DC Green Bank Commits $7.5M to Residential Solar Projects

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During Infrastructure Week in Washington, D.C., this week, Mayor Muriel Bowser announced that DC Green Bank, a publicly funded bank, has committed $7.5 million to community and residential solar projects across the city.  

As part of its new commitments, a $7 million loan was provided to PosiGen, which will provide solar energy at no cost to low- and moderate-income (LMI) residents. The loan will unlock funding for the construction of up to 3,000 kilowatts of solar capacity on approximately 320 homes across the District in Wards 1, 4, 5, 7, and 8.

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A second $530,000 loan was provided to Uprise Electric to deliver community solar serving 15 residential projects under Solar for All, a program of D.C.’s Department of Energy & Environment (DOEE).

“Partnering with PosiGen, a nationally recognized expert in solar and efficiency finance for low- and moderate-income homeowners, allows us to leverage their experience and scale to support our local solar developers,” Eli Hopson, CEO of DC Green Bank, told Commercial Observer. “By providing financing to Uprise Electric, we are able to invest directly into a local solar developer that is seeking to expand their solar footprint in the district and bring clean and renewable energy to LMI residents and communities.”

Under the deal, more than a dozen LMI families are expected to see their electricity bills cut by half. It will create up to 13 clean economy jobs, generate more than 90 megawatts of renewable energy, and avoid approximately 64 tons of CO2 equivalent annually.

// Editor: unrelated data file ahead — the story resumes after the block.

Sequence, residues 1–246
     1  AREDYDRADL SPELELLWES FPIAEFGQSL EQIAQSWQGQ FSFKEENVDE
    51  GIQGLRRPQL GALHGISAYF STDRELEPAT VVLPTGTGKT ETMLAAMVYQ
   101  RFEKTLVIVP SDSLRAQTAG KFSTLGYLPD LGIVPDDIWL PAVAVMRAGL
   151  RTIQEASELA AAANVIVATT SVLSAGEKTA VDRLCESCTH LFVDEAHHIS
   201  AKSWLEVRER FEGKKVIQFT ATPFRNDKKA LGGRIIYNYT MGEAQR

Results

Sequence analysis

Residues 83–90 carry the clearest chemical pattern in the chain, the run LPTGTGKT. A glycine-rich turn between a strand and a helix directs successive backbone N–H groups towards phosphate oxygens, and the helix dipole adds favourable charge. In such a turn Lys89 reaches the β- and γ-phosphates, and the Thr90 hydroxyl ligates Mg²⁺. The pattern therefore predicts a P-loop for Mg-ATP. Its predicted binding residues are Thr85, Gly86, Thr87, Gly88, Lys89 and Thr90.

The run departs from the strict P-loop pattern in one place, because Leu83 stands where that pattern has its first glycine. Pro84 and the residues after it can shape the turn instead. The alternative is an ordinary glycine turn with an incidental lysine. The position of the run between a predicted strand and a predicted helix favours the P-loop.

Since its launch in 2018, DC Green Bank has committed more than $12 million to community and residential solar projects serving low- and moderate-income residents in the District. 

Mayor Bowser introduced legislation establishing the DC Green Bank in 2018, a policy tool that utilized public-purpose funding to attract private investment to expand renewable energy, lower energy costs, reduce greenhouse gas emissions, create green jobs and enhance resilience.

“We were proud to make D.C. one of the first cities in the nation to launch a Green Bank, and these projects which are helping us build a more sustainable and equitable D.C.,” Bowser said in a prepared statement. “By bringing together DC Green Bank and DOEE’s Solar for All program, we’re lowering electric bills, reducing pollution, and creating jobs for D.C. residents.”

Additionally, the installations are expected to create hundreds of clean economy jobs in the construction phase and generate more than 3,600 MWh of renewable energy annually, while also eliminating more than 2,500 tons of CO2 emissions.

Keith Loria can be reached at Kloria@commercialobserver.com.